I’ve never seen most people I know cry. For kids, even older kids, it is not uncommon to cry in front of your friends; up until college, I saw all of my close friends cry at one point or another. There was even a period, in junior high, when having a full-on emotional breakdown at a party was rather in vogue. This was right around the same time that parties turned co-ed and often featured a DJ. Later in the night, usually shortly before or after the last dance, one of us would pick a fight with another girl over some slight, real or imagined; after enough tears, accusations, and general attention-seeking drama had been shared, we would usually make up and hug it out. Initially, the most dramatic girls seemed to be the most emotionally mature; it was something to be admired – we were impressed they could drum up that much resentment. But after a year or two, the pattern became obvious, and the more mature stance was to position yourself as above such outbursts. I seem to remember once being the target of an outburst, but never the instigator. Regardless, I enjoyed both the attention and the show, and couldn’t fully bring myself to scorn the phony drama. I’ve done a little acting, and the fact is, when you go through the motions of being upset, you genuinely start to feel upset. It’s not as hard as you think to cry on cue.

I like to ask people if they remember the last time they cried. Since I rarely go a week without crying at least a little, I always remember. The last time I cried was during the finale of the most recent season of Top Chef. I was happy (proud?) that a woman won. Can you be proud of a stranger? My eyes filled with tears, they ran down my cheeks, I wiped them away. It was quick, silent crying. The last time I cried before that was after getting off the phone with my gynecologist’s receptionist and learning that I could not, at my approaching appointment, get my IUD replaced. The approaching appointment would be a LEEP procedure to electrosurgically remove several layers of potentially precancerous cells from my cervix. During the cervical biopsy I’d undergone a couple of weeks before, the nurse practitioner had accidentally yanked my IUD out with her comically huge biopsy scissors; she left the device sitting in the sink, in a small pool of blood, then left the room so I could get dressed again. I hadn’t cried then, or when she told me I needed the LEEP, but I cried knowing I’d have to go back once again to get a new IUD, and be subjected for the third time in a month to the humiliation of lying flat on my back, naked from the waist down, with my legs in stirrups. (I’ve often wished gynecological exam tables were as well-designed as dentists’ chairs.) This was a noisier, more intense cry, but equally brief; had my husband, John, been awake, I might have drawn it out a little longer, but I was alone, so I sobbed with efficiency.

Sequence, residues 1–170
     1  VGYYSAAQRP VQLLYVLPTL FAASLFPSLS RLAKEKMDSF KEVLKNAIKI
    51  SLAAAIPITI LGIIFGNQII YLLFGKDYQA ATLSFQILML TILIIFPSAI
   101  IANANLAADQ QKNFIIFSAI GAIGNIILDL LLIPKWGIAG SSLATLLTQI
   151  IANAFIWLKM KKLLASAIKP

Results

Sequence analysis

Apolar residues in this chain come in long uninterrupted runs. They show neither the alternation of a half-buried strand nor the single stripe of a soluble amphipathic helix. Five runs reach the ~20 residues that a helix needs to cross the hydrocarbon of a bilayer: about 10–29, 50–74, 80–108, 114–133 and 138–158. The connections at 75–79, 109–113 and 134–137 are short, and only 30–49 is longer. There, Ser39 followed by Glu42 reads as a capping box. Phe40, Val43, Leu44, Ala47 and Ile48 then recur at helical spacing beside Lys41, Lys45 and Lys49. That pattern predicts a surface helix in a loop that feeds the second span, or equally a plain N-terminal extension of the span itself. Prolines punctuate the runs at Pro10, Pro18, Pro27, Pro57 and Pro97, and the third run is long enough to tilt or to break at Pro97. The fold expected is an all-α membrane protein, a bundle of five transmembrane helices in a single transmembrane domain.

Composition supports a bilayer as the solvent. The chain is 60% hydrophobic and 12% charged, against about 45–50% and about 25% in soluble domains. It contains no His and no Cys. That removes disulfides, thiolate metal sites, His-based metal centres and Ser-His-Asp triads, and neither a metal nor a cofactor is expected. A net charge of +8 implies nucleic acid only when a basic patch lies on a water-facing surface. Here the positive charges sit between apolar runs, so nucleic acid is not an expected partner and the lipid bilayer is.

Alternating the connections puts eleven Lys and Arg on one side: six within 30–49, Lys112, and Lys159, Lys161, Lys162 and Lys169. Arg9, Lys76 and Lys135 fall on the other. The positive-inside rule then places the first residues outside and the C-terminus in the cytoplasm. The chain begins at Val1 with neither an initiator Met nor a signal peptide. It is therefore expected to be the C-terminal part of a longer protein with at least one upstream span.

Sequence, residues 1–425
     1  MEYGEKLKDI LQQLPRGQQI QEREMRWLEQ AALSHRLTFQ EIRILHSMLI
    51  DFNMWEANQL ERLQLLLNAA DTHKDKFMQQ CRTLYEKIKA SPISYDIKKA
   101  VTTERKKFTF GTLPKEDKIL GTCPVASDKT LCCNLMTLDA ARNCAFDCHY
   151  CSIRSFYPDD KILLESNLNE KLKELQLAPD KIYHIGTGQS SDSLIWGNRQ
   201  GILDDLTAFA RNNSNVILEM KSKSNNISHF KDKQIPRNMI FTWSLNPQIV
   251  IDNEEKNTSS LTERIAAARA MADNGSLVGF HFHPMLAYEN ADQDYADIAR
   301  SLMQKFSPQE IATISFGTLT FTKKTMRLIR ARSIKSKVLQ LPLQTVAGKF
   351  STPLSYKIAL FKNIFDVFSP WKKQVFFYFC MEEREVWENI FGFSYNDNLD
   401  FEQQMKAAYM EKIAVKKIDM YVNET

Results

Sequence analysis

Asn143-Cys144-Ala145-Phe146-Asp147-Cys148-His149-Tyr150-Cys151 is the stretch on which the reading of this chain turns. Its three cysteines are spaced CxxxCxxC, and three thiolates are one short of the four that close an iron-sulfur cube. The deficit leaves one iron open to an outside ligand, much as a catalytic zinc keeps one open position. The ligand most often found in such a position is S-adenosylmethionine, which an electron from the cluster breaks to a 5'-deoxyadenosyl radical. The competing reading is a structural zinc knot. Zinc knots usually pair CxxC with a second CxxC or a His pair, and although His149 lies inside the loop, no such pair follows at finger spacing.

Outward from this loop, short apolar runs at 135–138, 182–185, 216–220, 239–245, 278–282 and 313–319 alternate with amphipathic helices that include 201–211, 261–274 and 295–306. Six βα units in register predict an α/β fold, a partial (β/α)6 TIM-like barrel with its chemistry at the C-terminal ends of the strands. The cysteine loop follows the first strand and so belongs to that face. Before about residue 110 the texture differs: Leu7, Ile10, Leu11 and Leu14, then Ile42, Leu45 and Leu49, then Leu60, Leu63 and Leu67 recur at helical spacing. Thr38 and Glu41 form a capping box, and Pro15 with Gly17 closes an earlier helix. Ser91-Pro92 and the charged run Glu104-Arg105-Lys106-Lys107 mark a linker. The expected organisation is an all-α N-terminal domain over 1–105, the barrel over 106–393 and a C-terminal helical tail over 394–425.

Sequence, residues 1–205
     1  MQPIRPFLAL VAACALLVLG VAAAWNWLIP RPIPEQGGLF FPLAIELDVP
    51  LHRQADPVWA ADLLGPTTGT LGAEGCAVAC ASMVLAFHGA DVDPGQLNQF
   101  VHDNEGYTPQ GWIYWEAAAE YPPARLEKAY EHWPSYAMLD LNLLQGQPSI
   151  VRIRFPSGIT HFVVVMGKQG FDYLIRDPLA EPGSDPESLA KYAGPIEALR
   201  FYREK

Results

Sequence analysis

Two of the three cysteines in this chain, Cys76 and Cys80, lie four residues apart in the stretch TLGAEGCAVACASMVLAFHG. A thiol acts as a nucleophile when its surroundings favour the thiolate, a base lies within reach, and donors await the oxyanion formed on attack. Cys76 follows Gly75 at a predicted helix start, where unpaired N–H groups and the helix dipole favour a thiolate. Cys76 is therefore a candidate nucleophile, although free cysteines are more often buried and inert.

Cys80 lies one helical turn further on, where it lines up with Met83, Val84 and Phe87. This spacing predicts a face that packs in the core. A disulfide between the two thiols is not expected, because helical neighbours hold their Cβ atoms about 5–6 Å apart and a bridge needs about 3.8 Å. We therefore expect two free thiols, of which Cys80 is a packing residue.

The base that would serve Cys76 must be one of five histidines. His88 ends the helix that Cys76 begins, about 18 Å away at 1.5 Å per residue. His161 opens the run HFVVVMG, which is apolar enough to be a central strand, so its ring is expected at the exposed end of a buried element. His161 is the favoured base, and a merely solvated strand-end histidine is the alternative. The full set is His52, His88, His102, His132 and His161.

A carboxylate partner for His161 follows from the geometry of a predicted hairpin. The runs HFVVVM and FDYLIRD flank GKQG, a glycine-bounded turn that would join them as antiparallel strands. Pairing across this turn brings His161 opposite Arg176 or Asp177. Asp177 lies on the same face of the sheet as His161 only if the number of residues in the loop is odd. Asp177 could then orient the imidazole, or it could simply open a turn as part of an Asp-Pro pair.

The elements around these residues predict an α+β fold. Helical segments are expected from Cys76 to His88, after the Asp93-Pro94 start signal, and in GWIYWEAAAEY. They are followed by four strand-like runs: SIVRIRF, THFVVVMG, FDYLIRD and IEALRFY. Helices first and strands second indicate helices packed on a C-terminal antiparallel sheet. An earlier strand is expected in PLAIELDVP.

I have noticed that there’s something about speech that can trigger tears. I’ll hear a story, and know intellectually that the story is sad, but I won’t actually cry until I tell it to someone else. Is it the speech act itself, or the presence of an audience? In college, I learned that a girl from my high school, someone I knew but hadn’t kept in touch with, had been in a bad car accident; her right arm was severed off. I was shocked when I heard it, but not sad, exactly. Later, I repeated the story to my mother; I remember we were driving at the time, and I was in the passenger seat, as the girl would have been. I started crying when I said the word “severed,” which had not seemed quite so brutal in my head as it did it my mouth. It’s not often we have cause to say the word “severed.” Several years ago, my friend Kevin’s wife Katie was almost crushed when a gallery wall fell on top of her; her pelvis was shattered. She has said she didn’t recognize the animal scream that came out of her. When Kevin called their families to tell them what had happened, he couldn’t get it out; he’d try to speak and start sobbing. More than once, mentioning this story offhand to someone else, I’ve gotten unexpectedly choked up, like I can only realize how close she came to being killed or paralyzed when I’m vocalizing it.